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Turkey Elections: Erdogan Victory Risks Making Country an Authoritarian State Sliding Into Syrian Mire

Turks vote on Sunday to choose a new parliament amid fears that Turkey is turning into an authoritarian one-party state and political, ethnic and religious polarisation is so great that the country is becoming permanently unstable.

President Recep Tayyip Erdogan and his Justice and Development Party (AKP), in power since 2002, need to elect just 18 more MPs to win back the majority in parliament that they lost in the last election on 7 June. If they succeed, then Mr Erdogan will be able to expand his already extensive power over the state, security forces, media and judiciary.

he election outcome is too finely balanced to predict, according to the latest opinion polls, which show that as many as 50 million Turks are intending to vote. The AKP is expected to slightly increase its share of the votes to 42 to 43 per cent and the opposition Republican People’s Party’s (CHP) vote is forecast to rise to 26 to 28 per cent. The most important development of the last election was the pro-Kurdish People’s Democratic Party (HDP) getting 13 per cent – well above the crucial 10 per cent level that a party must reach to get representation in parliament.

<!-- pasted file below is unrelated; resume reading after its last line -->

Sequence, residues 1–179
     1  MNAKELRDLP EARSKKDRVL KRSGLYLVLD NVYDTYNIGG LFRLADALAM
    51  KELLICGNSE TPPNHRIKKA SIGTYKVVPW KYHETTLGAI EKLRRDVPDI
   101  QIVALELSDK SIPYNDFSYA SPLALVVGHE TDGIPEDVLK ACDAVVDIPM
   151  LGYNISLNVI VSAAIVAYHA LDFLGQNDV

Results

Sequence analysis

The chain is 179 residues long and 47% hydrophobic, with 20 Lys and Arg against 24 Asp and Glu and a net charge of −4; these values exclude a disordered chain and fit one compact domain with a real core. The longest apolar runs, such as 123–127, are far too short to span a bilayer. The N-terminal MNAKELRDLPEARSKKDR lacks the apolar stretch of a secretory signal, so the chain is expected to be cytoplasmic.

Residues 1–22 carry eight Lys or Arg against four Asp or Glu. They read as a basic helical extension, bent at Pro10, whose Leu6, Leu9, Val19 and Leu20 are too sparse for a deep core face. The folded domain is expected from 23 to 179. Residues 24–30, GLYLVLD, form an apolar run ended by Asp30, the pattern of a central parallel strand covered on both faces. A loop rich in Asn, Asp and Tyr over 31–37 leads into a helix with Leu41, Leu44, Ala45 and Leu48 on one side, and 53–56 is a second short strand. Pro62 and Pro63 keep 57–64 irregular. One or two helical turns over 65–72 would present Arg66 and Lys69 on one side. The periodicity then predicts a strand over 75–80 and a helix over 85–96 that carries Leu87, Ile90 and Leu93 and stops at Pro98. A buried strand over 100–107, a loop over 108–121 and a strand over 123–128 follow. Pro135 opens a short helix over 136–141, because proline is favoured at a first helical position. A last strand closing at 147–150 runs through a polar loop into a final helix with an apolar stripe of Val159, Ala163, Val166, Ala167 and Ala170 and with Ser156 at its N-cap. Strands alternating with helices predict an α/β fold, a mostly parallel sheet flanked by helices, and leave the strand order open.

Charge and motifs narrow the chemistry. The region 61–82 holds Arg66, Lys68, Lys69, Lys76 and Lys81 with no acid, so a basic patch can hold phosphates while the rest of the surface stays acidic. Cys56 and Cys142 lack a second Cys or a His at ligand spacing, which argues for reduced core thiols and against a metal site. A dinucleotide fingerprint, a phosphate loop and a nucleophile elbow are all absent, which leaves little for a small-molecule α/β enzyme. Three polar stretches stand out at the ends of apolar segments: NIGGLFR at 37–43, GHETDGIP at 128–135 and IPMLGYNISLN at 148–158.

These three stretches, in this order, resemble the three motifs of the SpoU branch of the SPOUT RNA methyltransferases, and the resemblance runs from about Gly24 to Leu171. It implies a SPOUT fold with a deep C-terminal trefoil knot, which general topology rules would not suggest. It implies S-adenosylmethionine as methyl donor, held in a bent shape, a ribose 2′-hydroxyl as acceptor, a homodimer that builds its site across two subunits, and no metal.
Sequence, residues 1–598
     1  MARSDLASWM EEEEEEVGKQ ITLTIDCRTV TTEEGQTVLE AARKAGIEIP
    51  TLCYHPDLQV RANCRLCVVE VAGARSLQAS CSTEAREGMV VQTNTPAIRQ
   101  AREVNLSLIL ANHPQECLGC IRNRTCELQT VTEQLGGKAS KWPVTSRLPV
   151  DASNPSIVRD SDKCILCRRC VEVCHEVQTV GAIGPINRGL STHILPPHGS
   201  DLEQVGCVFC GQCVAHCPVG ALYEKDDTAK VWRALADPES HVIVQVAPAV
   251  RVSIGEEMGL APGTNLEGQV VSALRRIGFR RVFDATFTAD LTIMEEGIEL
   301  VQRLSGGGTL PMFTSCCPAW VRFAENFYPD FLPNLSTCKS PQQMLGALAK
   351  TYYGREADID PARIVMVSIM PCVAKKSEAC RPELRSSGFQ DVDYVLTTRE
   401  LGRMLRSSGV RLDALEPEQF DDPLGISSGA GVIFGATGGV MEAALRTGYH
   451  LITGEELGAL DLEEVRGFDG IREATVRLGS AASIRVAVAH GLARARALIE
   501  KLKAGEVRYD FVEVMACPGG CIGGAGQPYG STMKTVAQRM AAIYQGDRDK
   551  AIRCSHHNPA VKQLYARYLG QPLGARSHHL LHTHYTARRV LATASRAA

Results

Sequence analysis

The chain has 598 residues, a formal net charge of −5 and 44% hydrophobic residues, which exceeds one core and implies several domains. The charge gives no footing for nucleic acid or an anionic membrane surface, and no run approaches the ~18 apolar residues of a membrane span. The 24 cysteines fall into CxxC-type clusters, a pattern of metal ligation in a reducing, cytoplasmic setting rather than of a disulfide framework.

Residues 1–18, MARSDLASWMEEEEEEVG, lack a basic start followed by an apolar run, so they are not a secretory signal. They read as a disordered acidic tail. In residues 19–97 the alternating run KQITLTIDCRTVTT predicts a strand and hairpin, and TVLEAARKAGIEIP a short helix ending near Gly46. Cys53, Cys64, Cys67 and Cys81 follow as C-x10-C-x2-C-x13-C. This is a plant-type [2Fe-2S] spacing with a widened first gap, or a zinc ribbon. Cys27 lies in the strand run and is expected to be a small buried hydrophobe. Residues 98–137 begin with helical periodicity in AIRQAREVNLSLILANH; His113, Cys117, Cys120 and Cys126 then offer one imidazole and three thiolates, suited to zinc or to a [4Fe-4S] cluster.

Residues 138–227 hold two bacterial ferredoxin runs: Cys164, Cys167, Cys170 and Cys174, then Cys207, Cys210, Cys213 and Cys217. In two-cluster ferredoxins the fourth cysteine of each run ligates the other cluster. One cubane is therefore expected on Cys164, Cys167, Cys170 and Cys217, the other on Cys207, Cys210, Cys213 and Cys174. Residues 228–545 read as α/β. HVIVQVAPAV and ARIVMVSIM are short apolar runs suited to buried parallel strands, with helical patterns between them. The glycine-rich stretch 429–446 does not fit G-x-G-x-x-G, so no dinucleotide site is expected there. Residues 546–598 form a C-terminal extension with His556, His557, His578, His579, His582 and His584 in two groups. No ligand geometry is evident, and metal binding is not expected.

The HDP’s success deprived the AKP of its majority and precipitated a five-month-long crisis in which this election is the latest, but probably not the last, episode. The AKP is unlikely to win back Kurdish support and is looking to take votes from the floundering right-wing anti-Kurdish Nationalist Movement Party (MHP) to get at least 276 seats in the 550-seat parliament.

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